When I finally reached the shelter of the verandah outside the weighing room, the trainer and owner were waiting there with the expected accusing expressions.
“Misjudged things pretty badly, didn’t you?” said the trainer aggressively.
“He took off a stride too soon.”
“Your job to put him right.”
“Might try him in blinkers,” I said.
“I’ll decide about that,” said the trainer sharply.
“Not hurt, are you?” asked the owner timidly.
I shook my head. The trainer brusquely stamped on this humane jockey-oriented enquiry and wheeled his money-source away from the danger that I might say something truthful about why the horse wouldn’t jump when asked. I watched them go without rancor and turned towards the weighing-room door.
“I say,” said a young man, stepping in front of me, “are you Philip Nore?”
“Well . . . could I have a word with you?”
He was about twenty-five, tall as a stork and earnest, with office-colored skin. Charcoal flannel suit, striped tie, no binoculars, and no air of belonging where he stood, in the business-only section of the racecourse.
“Sure,” I said. “If you’ll wait while I check with the doctor and get into something dry.”
“Doctor?” He looked alarmed.
“Oh, routine. After a fall. I shan’t be long.”
When I went out again, warmed and in street clothes, he was still waiting; and he was more or less alone on the verandah, as nearly everyone else had gone to watch the last race, already in progress.
“I . . . er . . . my name is Jeremy Folk.” He produced a card from inside the charcoal jacket and held it out to me. I took it, and read:
Folk, Langley, Son and Folk.
Solicitors. Address in St. Albans, Hertfordshire.
“That last folk,” said Jeremy, pointing diffidently, “is me.”
“Congratulations,” I said.
He gave me an anxious half-smile and cleared his throat.
“I’ve been sent . . . er . . . I’ve come to ask you to . . . er . . .” He stopped, looking helpless and not in the least like a solicitor.
“To what?” I said encouragingly.
“They said you wouldn’t like . . . but well . . . I’ve been sent to ask you . . . er . . .”
“Do get on with it,” I said.
“To come and see your grandmother.” The words came out in a nervous rush, and he seemed relieved to be rid of them.
“No,” I said.
He scanned my face and seemed to take heart from its calmness.
“She’s dying,” he said. “And she wants to see you.”
Death all around, I thought. George Millace and my mother’s mother. Negative grief in both cases.
“Did you hear?” he said.
“Now, then? I mean, today?”
“No,” I said. “I’m not going.”
“But you must.” He looked troubled. “I mean . . . she’s old . . . and she’s dying . . . and she wants you . . .”
“And if I don’t persuade you, my uncle . . . that’s Son . . .” He pointed to the card again, getting flustered. “Er. Folk is my grandfather and Langley is my great-uncle, and . . . er . . . they sent me . . .” He swallowed. “They think I’m frightfully useless, to be honest.”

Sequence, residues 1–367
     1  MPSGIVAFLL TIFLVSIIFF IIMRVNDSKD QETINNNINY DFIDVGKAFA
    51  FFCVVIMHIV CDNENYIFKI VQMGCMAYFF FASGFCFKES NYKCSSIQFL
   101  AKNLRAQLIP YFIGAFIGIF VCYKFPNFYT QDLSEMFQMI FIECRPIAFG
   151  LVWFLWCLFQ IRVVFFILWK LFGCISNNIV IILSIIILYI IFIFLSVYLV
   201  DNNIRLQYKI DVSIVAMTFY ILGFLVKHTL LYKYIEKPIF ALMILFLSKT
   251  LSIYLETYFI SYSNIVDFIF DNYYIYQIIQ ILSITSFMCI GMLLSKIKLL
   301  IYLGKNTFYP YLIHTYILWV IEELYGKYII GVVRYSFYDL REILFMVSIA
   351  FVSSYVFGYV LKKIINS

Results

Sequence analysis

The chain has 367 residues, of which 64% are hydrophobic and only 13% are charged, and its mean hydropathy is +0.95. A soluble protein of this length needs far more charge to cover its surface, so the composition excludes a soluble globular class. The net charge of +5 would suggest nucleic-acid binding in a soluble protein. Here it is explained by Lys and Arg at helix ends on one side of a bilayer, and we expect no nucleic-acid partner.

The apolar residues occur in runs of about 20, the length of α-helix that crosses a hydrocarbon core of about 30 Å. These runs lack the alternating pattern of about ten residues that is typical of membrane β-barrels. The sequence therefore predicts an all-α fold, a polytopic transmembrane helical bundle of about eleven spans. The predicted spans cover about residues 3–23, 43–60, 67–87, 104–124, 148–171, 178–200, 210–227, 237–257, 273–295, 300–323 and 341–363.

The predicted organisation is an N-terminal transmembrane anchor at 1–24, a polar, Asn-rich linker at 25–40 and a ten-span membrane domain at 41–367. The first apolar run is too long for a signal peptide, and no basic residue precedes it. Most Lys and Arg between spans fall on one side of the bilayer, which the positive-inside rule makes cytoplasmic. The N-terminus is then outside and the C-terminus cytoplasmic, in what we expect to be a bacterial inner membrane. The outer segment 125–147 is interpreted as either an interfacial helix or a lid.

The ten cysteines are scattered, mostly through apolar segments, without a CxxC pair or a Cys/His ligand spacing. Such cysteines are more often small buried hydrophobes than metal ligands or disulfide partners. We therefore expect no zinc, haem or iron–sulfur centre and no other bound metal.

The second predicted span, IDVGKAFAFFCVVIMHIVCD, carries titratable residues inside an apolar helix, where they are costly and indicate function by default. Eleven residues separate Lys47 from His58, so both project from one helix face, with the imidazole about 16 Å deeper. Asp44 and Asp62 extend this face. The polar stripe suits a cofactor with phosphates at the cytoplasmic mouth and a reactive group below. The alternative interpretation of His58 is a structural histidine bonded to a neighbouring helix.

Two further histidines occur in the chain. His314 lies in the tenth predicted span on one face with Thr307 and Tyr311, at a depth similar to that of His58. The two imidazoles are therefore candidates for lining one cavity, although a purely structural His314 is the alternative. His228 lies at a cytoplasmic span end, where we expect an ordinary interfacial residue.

“And that’s blackmail,” I said.
A faint glint in his eyes told me that he wasn’t basically as silly as he made out.
“I don’t want to see her,” I said.
“But she is dying.”
“Have you yourself seen her . . . dying?”
“Er . . . no. . .”
“I’ll bet she isn’t. If she wants to see me, she would say she was dying just to fetch me, because she’d guess nothing else would.”
He looked shocked. “She’s seventy-eight, after all.”
I looked gloomily out at the nonstop rain. I had never met my grandmother and I didn’t want to, dying or dead. I didn’t approve of deathbed repentances, last-minute insurances at the gates of hell. It was too damned late.
“The answer,” I said, “is still no.”
He shrugged dispiritedly and seemed to give up. Walked a few steps out into the rain, bareheaded, vulnerable, with no umbrella. Turned around after ten paces and came tentatively back again.
“Look . . . she really needs you, my uncle says.” He was as earnest, as intense, as a missionary. “You can’t just let her die.”
“Where is she?” I said.
He brightened. “In a nursing home.” He fished in another pocket. “I’ve got the address. But I’ll lead you there, straight away, if you’ll come. It’s in St. Albans. You live in Lambourn, don’t you? So it isn’t so terribly far out of your way, is it? I mean, not a hundred miles, or anything like that.”
“A good fifty, though.”
“Well . . . I mean . . . you always do drive around an awful lot.”
I sighed. The options were rotten. A choice between meek capitulation or stony rejection. Both unpalatable. That she had dished out to me stony rejection from my birth gave me no excuse, I supposed, for doing it to her at her death. Also I could hardly go on smugly despising her, as I had done for years, if I followed her example. Irritating, that.